Mayor Davis, for one, rejects the notion that there are “unbridgeable differences between the two organizations.  He told the Vanguard, “I don’t believe that is the case and, thankfully, we all agree that critical changes such as the boundary drop and participation in regional training, as two examples, are positive steps and must continue.

“So wherein, then, lie these ‘differences’ and what do they mean in terms of our city’s ability to partner with other agencies to achieve public safety goals across our region?” he asked rhetorically.

He responded, “It is not uncommon for concerns of the heart to stand in the way of the logic of the mind.  Most likely the issue is as pedestrian as the human desire for predictability and fear of change in our environment/routine.  I fully recognize that this endeavor was a big change, but we no longer live in an insulated world, and all our practices—regardless of profession—must be open to reevaluation.  Partnership is the future,  and it is my hope that the City of Davis will be seen as a faithful partner in the days ahead.”

Unfortunately, I have to go further than the mayor.  I think this is more that the human desire for predictability and the fear of change.  This is a power play by the firefighters’ union and, in particular, their president.

This is the second agreement between the city and university over fire that has failed.  The first one, a merger, was paused due to stark salary differences.

There has been the stated desire to move the chief back to Fifth Street and off campus, and the university probably is fed up with trying to deal with this problem, one that is not of their own making.  They had an added excuse with the PERS ruling and jumped on it, in my view.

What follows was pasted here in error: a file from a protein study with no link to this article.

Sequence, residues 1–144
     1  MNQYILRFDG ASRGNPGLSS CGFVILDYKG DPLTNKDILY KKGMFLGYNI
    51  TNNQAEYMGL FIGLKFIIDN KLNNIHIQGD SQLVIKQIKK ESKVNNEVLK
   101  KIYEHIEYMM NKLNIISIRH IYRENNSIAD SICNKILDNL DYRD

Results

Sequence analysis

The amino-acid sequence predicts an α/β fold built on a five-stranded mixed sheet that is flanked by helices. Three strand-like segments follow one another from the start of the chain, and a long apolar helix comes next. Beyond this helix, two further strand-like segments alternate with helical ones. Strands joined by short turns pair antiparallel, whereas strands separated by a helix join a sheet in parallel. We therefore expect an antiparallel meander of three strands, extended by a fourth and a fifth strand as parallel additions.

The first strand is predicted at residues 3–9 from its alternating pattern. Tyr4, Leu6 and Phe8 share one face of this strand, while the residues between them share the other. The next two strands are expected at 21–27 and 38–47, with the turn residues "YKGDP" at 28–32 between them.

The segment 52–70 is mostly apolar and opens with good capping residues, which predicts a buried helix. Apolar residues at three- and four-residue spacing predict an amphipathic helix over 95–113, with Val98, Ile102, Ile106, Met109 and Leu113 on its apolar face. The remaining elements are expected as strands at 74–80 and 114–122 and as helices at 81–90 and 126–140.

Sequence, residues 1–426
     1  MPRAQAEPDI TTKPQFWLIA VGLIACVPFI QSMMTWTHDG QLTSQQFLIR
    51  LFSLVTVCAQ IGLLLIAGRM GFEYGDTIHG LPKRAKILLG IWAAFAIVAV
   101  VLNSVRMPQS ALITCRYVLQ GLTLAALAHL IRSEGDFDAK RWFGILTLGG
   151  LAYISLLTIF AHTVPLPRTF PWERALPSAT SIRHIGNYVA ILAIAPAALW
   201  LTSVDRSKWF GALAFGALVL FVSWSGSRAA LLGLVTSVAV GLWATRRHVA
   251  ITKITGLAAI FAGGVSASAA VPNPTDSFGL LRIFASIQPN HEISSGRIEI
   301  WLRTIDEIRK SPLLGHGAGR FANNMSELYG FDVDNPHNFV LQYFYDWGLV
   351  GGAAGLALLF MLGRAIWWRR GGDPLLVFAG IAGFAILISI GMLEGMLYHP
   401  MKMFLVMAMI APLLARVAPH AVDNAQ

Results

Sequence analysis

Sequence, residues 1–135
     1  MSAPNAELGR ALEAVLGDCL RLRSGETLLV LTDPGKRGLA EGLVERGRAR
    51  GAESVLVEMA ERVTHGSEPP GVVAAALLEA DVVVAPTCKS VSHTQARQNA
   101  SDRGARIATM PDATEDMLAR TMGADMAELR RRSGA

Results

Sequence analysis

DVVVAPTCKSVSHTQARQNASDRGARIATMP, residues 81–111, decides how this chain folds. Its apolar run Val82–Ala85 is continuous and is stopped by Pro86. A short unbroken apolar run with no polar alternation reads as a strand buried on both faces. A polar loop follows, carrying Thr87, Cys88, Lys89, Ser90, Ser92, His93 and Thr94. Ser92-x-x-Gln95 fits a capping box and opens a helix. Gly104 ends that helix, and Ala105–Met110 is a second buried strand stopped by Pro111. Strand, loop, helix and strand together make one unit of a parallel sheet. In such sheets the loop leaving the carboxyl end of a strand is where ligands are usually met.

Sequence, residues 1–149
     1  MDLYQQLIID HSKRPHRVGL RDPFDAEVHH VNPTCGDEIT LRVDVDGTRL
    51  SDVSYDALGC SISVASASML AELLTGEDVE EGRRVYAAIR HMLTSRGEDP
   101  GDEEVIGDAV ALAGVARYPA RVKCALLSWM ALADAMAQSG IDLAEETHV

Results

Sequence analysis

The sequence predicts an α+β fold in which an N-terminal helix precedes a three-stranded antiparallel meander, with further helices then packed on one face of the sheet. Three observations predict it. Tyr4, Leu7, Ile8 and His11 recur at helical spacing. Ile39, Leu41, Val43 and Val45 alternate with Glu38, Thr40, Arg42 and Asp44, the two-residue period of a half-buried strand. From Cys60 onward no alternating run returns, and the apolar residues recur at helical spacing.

Mayor Davis seems more optimistic than me about the future.

He said, “Despite this ending, I look forward to learning about how we can make our Davis Fire Department the model for the entire state going forward.  We are now afforded the opportunity to undertake a full re-evaluation of our fire service in the City.”

He added, “With over 80% of all calls related to medical needs, it would appear time to ask the question whether our current organization represents the fire department of the future, or that of the past.  I fully expect our City Manager to bring on leadership that will help answer that question; leadership that will advance the good work that has already been accomplished between the two departments, and that will seek partnerships at every turn.”

That may be, but at this time, I don’t see this council relishing a battle against the firefighters’ union, as the council faced in 2013.  The path of least resistance will be to make a safe hire from within – for someone who either has the active backing of the union, or at least someone the union will not resist.

That would be a mistake for the city, but, given the magnitude of other issues, this is one issue that the council would understandably want to remove from their plate.

The Vanguard would prefer an alternative process.  Hire an outside consulting firm to set the position’s cost parameters and do a full external search to find the best leader that can move us forward.

—David M. Greenwald reporting


About The Author

David Greenwald is the founder, editor, and executive director of the Davis Vanguard. He founded the Vanguard in 2006. David Greenwald moved to Davis in 1996 to attend Graduate School at UC Davis in Political Science. He lives in South Davis with his wife Cecilia Escamilla Greenwald and three children.

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11 thoughts on “Commentary: UCD Pullout of Shared Management Opens Up Fire Chief Position to a Political Fight”

  1. Tia Will